thousands of applications and a threat landscape that changes by the
minute. In this ever-changing environment, IT staff often find themselves
drowning in mobile minutiae, overwhelmed by mountains of endpoint
data but unable to extract meaning from it or make business decisions
based on it.
Mobile marketing platforms facilitate direct marketing on mobile devices by enabling mobile campaign management and activation. These platforms can operate as stand-alone solutions; however, they typically integrate with, or operate alongside, CRM, location/data management, and multichannel marketing hub (MMH) or email marketing platforms. Regardless of how a mobile marketing platform gets deployed, the native or third-party analytics supporting its audience targeting, campaign sequencing, personalization and performance measurement capabilities form the foundation of this technology.
"Managing and securing endpoints with conventional mobile device management (MDM) or enterprise mobile management (EMM) solutions is time-consuming and ineffective.
For this reason, global IT leaders are turning towards unified endpoint management (UEM) solutions to consolidate their management of smartphones, tablets, laptops and IoT devices into a single management console.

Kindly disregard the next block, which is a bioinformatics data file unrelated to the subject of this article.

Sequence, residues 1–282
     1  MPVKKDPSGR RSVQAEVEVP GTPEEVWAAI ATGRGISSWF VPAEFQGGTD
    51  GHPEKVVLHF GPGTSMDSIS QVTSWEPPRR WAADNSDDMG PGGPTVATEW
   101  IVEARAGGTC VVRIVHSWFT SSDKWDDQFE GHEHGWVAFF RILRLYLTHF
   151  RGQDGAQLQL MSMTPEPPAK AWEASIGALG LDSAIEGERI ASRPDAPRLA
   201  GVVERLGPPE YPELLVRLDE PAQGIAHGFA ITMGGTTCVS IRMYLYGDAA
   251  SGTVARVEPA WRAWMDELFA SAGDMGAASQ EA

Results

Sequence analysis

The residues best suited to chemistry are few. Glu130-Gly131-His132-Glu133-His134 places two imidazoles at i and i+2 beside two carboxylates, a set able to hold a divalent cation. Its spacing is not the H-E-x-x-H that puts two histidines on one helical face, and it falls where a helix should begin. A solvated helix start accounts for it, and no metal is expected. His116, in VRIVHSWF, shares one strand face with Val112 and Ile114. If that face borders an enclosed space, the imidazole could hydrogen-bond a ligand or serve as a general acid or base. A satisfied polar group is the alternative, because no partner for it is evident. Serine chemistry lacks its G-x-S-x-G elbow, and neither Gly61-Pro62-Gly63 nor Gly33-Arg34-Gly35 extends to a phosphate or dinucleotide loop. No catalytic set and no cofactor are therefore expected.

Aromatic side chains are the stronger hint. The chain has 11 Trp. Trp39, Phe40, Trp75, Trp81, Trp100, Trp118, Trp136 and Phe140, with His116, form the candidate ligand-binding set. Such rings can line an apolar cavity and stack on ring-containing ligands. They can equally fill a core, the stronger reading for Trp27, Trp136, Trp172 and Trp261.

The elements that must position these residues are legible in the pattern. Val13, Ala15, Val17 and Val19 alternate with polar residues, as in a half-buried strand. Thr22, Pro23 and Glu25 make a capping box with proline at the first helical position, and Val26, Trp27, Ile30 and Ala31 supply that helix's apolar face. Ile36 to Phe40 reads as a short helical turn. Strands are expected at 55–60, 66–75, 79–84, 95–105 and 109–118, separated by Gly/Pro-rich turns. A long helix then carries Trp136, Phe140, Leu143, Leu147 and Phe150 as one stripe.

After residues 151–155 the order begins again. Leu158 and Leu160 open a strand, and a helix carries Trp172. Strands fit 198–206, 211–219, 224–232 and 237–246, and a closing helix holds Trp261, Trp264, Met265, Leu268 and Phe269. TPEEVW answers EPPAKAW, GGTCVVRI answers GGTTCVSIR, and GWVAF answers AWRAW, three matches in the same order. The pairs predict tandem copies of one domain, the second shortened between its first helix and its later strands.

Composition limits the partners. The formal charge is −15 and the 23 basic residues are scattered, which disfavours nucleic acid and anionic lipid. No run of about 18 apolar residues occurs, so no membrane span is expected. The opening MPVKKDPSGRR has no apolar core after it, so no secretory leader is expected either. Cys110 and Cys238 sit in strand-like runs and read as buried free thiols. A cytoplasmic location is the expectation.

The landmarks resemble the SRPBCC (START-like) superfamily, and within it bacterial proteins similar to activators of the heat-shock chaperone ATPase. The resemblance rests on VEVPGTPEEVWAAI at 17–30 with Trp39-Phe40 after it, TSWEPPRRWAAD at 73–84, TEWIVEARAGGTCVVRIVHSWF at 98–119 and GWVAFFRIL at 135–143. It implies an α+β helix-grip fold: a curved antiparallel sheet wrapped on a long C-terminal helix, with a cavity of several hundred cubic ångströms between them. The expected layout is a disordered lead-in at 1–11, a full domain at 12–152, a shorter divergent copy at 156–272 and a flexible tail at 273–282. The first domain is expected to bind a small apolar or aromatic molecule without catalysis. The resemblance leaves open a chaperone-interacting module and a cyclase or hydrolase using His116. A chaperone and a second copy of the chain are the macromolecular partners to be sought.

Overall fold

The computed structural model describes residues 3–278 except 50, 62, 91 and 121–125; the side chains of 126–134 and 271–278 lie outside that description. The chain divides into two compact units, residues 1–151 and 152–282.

To increase operational efficiency, maximize data security and deliver on their digital transformation goals, they’ll need a UEM platform that does more than just promise success. The answer is a smarter solution, built for today, that brings new opportunities, threats, and efficiency improvements to the forefront.
With Watson™, IBM® MaaS360® UEM features cognitive insights, contextual analytics, and cloud-sourced benchmarking capabilities. It helps you make sense of daily mobile details while managing your endpoints, users, apps, document, and data from one platform."
Data is multiplying rapidly in quantity and variety for enterprises of all kinds. In multicloud environments, a range of data sources is exponentially increasing the stream of incoming information, from the Internet of Things and social media, to mobile devices, virtual reality implementations and optical tracking. While organizations are readily investing in artificial intelligence (AI), most haven’t done due diligence to understand their data or ensure the quality of data needed to benefit from AI solutions. In many organizations, their data is inaccessible, unreliable, or non-compliant with data privacy and protection rules.
Published By: MindTouch
Published Date: Mar 18, 2019
Today, the average person has instant access to an immeasurable
quantity of information. Smartphones and mobile devices put it